Phil Ramsey
Ulster University

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Robert Savage

Oxford: Oxford University Press, 2022, 320 pages.

ISBN: 9780192849748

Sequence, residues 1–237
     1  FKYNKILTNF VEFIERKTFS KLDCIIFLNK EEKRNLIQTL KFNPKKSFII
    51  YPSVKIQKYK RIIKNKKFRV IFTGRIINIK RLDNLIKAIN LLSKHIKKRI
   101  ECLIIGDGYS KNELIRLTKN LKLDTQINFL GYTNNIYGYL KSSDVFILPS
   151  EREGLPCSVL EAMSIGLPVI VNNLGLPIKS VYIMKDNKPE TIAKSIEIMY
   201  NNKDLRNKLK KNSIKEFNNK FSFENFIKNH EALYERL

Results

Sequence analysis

For many years, there was intense academic focus on the role of the media and journalism during the period known as The Troubles in Northern Ireland (NI). Books such as War and Words (Rolston and Miller 1996) and Don’t Mention the War (Miller 1994) dealt extensively with the subject, while Schlesinger’s (1987) inclusion of the subject in the midst of his treatment of the BBC made a hugely important contribution. Following the Provisional IRA’s ceasefire (1994), the signing of the Good Friday Agreement (1998), and the (unsettled) period of political devolution that has followed, academic scrutiny of the media in NI has slowed – as might be expected (albeit, there are a number of notable exceptions). Some texts have revisited the BBC’s role in NI during the Troubles in part (Mills 2016; Seaton 2017), but it is Savage’s (2022) work that marks the fullest and most thorough treatment of the period that has been published for a long time. Building on his own research on the subject (Savage 2015), he argues that while many other important works on the subject exist, many of them have dated, while “None were able to access or fully exploit the critical archival sources used in this book” (2022: 8). Indeed, his meticulous reading of archival material relating to a number of committees at the Corporation, such as the Northern Ireland Broadcasting Council, and his addressing correspondence between key players, makes this a very valuable work.